About once a generation, a devasting winter storm would wreak havoc on the Haythorns. In 1913 Harry and Emma lost 800 head. In 1931 Walt was caught horseback in a blizzard but bumped into a gate he recognized. He put his left leg over the fence and followed it all the way home. They lost hundreds of cattle that year, too. In 1949, snow drifted above the 18-foot doors of the barn and tunnels had to be dug to get horses out to water.
In 1917 Walt and his wife, Hazel, had a son, Waldo, who was Craig’s father. Waldo is largely credited with expanding the ranch’s acreage. He was also an AQHA and NCHA judge, active in many national associations and made friends across the country. He was honored with induction into the AQHA Hall of Fame.
Craig attended Texas Tech University, and upon graduation returned to Nebraska to the ranch. He’d been home a month and was working a colt when his grandfather drove up in a Chrysler New Yorker—he drove 36 of them, buying a new one every other year for 72 years. Walt stepped out of the car, handed Craig a checkbook and told him to take over the southern division of the ranch. A man of few words, he got in his car and drove away.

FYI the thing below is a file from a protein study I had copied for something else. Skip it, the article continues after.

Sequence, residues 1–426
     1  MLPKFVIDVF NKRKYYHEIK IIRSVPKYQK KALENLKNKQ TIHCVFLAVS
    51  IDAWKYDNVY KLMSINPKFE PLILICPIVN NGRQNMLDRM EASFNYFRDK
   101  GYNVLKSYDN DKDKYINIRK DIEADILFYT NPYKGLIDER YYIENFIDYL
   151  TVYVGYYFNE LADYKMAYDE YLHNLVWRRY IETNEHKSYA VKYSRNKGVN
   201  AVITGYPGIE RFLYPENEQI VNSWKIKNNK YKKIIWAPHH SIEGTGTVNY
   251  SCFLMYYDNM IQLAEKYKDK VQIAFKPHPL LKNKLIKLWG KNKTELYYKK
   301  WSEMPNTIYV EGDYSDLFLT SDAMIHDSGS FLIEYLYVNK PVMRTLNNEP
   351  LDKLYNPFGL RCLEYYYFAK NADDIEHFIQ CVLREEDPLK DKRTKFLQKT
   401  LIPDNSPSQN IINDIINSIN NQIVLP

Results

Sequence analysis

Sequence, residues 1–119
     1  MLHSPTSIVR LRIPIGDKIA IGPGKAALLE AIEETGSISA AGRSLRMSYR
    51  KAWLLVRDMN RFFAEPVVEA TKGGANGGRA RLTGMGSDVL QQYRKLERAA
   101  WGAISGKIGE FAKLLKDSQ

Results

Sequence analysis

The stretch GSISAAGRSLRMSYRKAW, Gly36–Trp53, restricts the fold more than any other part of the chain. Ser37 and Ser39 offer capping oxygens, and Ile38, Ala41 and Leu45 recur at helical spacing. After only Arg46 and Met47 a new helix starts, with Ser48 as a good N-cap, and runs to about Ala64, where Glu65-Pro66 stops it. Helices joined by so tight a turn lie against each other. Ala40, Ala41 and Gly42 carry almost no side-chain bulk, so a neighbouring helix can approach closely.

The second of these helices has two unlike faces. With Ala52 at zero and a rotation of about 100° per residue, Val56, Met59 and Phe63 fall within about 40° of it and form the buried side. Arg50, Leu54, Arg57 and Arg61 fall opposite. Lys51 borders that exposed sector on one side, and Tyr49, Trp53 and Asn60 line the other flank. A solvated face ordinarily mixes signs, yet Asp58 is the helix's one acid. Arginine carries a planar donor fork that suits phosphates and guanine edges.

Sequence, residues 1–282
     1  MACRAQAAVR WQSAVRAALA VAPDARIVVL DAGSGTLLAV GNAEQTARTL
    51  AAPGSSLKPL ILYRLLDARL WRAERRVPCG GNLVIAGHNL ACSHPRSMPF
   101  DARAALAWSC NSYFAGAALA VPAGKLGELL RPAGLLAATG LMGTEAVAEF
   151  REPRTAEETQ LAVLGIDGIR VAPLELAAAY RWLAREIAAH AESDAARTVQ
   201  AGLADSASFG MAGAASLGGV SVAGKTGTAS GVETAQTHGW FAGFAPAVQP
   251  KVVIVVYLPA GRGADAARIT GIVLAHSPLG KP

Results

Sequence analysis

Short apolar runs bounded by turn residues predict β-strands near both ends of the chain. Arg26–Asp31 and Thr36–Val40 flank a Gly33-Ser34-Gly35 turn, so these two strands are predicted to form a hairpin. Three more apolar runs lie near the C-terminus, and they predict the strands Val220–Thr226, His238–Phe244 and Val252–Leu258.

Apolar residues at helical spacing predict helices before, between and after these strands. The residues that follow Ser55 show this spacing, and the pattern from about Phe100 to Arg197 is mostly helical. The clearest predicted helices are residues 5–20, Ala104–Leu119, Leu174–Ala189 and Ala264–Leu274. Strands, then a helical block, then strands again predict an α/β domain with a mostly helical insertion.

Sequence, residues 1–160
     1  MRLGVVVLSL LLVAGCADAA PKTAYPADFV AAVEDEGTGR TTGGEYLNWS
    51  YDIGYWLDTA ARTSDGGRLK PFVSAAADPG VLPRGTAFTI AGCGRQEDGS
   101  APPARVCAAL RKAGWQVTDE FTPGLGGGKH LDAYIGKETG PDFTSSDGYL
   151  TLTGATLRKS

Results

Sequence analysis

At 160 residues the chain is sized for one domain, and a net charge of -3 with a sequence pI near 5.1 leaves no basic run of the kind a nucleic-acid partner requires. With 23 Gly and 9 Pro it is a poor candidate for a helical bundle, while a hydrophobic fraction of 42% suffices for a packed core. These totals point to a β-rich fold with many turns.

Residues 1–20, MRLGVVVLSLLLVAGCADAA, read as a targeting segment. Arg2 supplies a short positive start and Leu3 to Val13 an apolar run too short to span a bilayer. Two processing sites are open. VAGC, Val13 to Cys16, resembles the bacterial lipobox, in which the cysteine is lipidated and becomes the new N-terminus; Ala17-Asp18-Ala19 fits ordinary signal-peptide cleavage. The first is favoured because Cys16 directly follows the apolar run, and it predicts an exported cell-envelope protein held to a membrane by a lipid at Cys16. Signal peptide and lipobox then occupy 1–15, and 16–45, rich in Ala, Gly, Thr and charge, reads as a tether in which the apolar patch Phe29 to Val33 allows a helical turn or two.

In 1975, shortly after Craig took over the south ranch, one of those treacherous blizzards hit once again. When the storm stopped, Craig began to survey the damage and figured they lost around 750 calves. Once the county roads were cleared, Walt called Craig and told him to meet him at the highway. Craig saddled a horse and loped through the snow to meet his grandfather. When he told him the news, Walt’s simple reply was, “It could have been worse, it could have killed the cows.”
Craig Takes the Reins
Walt, in fact, had an outsized influence on Craig’s development. The two were much alike. Quiet, hard-working and introverted yet highly competitive and driven to excellence. Walt lived in town and had an indoor barn where Craig would rope calves during the winter months of high school.
“He’d keep track of how many I could rope in a row,” Craig recalls. “He’d tell me, ‘You can’t win anything if you don’t rope them around the neck. Miss? That’s a girl’s name.’ If you missed one, that was a cardinal sin.”
On average, he could rope 70 or so in a row.